also many animals?” Jonah 4:10-11

I can
relate to the people of Nineveh. Sometimes I don’t know my right hand from my
left. But God is concerned about me. He’s in a hurry to have compassion and
mercy on me.
week, I wrote a small passage from one of my mss. It was about a church’s fall
festival and one of the characters comes dressed as if she were modeling for
Penthouse. Though the scene is somewhat humorous, my point came in the lines
afterwards. The lines you didn’t get to see. And I used something my husband
said to me (though I tweaked it for the ms).
And that
brings me back to wanting my dog dead.
morning I headed to the kitchen for my coffee and across the kitchen and living
room floor was chicken and bones. My dog stood there as if, “What? Who
doesn’t love chicken?”
I might
have been mad enough to want to die. Mostly, I wanted my dog to. I went into a
rant, hollering and carrying on like a total buffoon as I cleaned up her nasty
mess. I looked up and my husband was casually leaning against the wall with a
cup of coffee in his hand and a smirk on his face. Normally, this stance makes
me swoon. This morning, I might have hoped he spilled the coffee on his bare
I hissed.
think this might be the most you’ve ever spoken to the dog. A lovely way to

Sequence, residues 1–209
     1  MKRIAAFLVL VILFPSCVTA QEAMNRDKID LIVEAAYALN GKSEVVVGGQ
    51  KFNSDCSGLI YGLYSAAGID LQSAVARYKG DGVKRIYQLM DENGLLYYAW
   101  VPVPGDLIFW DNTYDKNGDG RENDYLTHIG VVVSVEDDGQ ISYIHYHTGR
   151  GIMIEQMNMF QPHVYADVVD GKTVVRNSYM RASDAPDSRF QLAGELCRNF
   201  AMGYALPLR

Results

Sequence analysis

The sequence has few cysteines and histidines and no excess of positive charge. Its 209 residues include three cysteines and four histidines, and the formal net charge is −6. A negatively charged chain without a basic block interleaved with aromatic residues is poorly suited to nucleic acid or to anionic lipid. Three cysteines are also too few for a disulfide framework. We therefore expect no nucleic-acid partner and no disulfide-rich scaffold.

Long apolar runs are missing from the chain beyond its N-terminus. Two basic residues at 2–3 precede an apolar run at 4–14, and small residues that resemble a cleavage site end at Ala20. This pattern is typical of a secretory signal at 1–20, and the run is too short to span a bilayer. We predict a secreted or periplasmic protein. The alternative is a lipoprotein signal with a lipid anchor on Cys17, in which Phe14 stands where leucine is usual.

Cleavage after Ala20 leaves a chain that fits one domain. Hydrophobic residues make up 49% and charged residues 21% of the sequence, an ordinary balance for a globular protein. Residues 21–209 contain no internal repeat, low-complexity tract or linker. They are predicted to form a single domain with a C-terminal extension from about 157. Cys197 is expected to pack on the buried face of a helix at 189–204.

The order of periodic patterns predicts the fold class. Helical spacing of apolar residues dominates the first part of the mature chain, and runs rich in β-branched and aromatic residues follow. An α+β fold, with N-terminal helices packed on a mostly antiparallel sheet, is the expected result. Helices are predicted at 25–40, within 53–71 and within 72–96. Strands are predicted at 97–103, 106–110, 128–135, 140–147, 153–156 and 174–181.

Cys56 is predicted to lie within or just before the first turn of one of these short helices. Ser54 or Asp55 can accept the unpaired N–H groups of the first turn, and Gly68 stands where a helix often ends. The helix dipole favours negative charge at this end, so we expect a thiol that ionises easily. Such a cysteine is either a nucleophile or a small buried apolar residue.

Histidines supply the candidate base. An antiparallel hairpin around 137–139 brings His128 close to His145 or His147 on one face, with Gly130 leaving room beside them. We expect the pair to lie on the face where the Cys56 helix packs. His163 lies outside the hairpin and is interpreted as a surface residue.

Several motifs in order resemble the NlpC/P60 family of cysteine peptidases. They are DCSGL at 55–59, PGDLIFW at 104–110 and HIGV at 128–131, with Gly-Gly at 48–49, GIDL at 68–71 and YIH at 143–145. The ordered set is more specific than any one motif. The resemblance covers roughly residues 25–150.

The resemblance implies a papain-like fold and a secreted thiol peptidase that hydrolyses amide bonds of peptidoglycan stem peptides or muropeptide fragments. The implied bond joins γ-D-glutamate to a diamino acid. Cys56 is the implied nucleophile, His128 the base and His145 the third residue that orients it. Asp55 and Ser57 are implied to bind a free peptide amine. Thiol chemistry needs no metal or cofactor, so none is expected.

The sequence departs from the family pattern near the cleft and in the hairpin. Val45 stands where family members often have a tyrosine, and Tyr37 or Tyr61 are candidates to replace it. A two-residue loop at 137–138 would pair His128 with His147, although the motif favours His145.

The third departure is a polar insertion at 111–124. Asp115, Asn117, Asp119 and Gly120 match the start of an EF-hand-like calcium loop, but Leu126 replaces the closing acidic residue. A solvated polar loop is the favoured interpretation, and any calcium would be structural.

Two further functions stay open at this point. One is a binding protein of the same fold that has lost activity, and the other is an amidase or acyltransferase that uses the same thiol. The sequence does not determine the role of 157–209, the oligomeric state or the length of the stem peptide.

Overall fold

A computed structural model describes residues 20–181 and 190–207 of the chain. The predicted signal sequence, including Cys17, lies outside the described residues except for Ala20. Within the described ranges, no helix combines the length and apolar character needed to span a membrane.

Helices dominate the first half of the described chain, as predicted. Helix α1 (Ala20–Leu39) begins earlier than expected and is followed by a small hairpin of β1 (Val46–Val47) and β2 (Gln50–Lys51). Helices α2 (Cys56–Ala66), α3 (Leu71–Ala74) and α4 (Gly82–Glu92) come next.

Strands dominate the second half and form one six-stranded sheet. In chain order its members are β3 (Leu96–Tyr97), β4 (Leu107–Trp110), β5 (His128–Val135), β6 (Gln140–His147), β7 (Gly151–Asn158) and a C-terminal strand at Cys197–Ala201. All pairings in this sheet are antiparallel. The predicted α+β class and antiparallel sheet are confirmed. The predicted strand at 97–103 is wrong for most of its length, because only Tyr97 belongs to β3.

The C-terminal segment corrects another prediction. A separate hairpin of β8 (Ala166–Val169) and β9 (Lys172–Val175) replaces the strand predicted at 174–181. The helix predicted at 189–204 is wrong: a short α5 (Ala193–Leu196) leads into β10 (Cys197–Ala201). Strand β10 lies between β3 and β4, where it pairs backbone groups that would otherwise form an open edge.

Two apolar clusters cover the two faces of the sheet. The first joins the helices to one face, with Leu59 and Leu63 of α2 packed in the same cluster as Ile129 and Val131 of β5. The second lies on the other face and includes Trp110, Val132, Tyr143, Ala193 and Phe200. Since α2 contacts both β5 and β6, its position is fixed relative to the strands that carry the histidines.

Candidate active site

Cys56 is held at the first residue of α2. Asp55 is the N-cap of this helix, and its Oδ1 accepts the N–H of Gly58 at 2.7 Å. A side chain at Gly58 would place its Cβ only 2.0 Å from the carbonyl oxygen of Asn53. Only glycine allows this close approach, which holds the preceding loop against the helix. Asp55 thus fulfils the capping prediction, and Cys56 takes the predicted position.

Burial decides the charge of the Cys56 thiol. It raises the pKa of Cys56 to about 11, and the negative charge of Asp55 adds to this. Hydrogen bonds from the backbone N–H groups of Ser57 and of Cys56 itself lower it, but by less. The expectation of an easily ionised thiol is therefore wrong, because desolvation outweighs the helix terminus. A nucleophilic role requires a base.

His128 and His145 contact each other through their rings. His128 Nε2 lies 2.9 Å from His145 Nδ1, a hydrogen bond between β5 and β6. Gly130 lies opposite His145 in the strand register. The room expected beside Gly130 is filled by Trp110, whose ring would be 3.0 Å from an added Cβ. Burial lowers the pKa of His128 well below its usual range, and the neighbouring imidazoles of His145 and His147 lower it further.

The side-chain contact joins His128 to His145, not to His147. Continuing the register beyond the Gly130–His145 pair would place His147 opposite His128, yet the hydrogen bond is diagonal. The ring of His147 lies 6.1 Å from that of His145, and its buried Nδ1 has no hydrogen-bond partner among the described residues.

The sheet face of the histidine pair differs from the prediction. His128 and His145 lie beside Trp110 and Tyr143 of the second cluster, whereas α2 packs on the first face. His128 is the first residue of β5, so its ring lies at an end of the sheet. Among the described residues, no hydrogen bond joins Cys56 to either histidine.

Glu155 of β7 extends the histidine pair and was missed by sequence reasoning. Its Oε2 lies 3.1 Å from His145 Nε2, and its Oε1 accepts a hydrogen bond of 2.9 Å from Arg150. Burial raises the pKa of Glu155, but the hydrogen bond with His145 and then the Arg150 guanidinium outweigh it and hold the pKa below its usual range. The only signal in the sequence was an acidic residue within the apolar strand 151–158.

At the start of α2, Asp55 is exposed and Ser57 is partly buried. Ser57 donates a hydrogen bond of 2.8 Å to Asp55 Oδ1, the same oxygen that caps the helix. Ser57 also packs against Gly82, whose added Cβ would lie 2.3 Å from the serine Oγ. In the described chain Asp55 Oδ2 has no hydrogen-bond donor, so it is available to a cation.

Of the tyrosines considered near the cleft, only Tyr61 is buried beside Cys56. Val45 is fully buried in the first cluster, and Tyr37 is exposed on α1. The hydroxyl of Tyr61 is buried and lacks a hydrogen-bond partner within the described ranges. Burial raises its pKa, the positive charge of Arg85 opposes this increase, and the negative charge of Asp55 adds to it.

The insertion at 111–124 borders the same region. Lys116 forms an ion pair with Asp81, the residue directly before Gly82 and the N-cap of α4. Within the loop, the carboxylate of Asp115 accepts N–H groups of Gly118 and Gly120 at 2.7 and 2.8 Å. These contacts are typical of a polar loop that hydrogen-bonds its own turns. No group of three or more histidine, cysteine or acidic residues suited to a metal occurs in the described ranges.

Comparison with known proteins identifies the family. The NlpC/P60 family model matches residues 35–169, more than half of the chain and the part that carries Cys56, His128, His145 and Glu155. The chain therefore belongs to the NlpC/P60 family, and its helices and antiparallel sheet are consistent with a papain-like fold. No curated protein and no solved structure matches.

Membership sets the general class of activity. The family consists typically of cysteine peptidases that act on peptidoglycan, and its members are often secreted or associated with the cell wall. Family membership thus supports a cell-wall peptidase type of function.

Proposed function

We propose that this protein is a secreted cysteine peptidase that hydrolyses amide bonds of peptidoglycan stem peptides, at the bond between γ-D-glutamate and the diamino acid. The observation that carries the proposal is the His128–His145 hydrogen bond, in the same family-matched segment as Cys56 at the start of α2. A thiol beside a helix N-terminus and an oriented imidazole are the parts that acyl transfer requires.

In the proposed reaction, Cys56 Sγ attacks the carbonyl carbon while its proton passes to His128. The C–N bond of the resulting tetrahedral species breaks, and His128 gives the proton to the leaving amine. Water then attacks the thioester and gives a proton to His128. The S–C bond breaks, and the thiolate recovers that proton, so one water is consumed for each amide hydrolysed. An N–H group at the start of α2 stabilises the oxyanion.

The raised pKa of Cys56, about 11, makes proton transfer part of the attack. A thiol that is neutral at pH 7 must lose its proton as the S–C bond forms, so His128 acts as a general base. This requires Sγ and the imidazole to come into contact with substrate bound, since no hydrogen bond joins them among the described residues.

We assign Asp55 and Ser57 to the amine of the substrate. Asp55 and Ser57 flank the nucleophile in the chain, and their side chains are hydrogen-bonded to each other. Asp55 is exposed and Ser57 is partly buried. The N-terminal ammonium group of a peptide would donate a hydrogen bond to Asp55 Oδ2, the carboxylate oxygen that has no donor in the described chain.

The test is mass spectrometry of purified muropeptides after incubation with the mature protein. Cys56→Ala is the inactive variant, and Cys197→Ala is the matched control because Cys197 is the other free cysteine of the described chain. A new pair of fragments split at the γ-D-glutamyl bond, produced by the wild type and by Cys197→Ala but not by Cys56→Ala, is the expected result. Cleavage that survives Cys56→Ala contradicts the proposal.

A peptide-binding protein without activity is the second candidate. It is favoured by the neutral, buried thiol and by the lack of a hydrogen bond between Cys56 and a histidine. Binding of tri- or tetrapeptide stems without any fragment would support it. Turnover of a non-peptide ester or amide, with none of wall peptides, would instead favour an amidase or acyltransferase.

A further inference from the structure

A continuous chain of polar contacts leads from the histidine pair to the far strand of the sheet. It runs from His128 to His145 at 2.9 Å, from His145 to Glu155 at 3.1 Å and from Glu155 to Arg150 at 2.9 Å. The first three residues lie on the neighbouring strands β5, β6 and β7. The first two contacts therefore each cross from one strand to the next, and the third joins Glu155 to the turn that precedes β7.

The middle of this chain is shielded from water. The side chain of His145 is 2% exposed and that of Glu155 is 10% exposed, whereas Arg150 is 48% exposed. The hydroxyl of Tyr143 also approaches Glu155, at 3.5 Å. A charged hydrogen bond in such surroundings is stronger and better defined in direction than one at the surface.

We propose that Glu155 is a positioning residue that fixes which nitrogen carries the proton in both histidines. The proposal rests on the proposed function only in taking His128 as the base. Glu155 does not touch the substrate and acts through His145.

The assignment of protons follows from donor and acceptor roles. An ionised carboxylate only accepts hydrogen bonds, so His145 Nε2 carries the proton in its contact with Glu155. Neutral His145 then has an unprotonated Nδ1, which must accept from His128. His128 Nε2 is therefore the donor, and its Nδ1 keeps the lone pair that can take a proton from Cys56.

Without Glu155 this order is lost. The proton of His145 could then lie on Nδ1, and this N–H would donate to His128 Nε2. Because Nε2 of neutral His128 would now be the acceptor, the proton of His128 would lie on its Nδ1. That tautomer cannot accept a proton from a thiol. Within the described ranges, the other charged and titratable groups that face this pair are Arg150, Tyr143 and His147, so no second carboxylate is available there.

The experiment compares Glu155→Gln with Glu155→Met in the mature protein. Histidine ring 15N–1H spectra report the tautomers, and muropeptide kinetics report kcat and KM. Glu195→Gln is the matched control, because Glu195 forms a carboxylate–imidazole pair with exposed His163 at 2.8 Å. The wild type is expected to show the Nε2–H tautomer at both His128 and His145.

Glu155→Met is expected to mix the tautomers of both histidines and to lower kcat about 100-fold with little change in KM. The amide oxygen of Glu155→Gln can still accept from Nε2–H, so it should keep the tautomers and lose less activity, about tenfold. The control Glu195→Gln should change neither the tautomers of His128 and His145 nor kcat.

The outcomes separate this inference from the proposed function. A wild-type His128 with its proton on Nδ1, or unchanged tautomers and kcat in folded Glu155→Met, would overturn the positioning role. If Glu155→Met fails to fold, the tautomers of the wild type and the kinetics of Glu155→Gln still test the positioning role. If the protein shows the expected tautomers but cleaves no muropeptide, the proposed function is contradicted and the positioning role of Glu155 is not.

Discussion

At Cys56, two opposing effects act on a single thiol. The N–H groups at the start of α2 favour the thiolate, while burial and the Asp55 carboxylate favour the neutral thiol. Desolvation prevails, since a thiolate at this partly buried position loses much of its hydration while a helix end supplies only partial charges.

wake up by the way.” Smirk galore.
you not see this disaster! Wipe the grin off your face.”
And here
is where he got me.
you can’t blame a dog for being a dog.”
He did put his coffee cup down and helped me, but his amusement made me mad
enough to tell him to “just go drink your coffee. I got this.”
can’t expect someone who doesn’t know Jesus, to act like Jesus. Doesn’t mean we
let them get away with murder (literally sometimes), it just means we don’t
snub (then whisper to our friends) the chic in the micro-mini and wonder where her morals are.

Or turn
our nose up at the woman reading an explicit novel at the pool. Maybe we should sit down and instead of telling her
why she’s bound for Hell, ask her what she’s reading, what she likes about the
story (you may discover it’s not about the sex scenes at all) and then share
some books we like (not necessarily screaming, “It’s Christian fiction you
should read it and get saved!) It could become a great chance to minister as light not as a gavel.

means, when the Biker drops an f-bomb at the table next to us, we don’t gasp for everyone to hear and hope he doesn’t show up at our church. And really, what do you expect when you’re eating hot wings at Hooters?
I can
relate to Jonah as well as Nineveh.
It takes
God’s strength to help me step back and see things through His eyes–with mercy
and compassion. Two things I fail at often. Probably my biggest two! Yeah, I
admit it. But I’ve been learning and growing. Especially as I’ve been writing
curriculum for a new and growing believers class.
matter how I feel whether through Jonah’s eyes or Nineveh’s, it still boils
down to one thing:
God is
concerned. God wants people to know how much.
What about you? Can you relate to Jonah? Nineveh?…
my dog?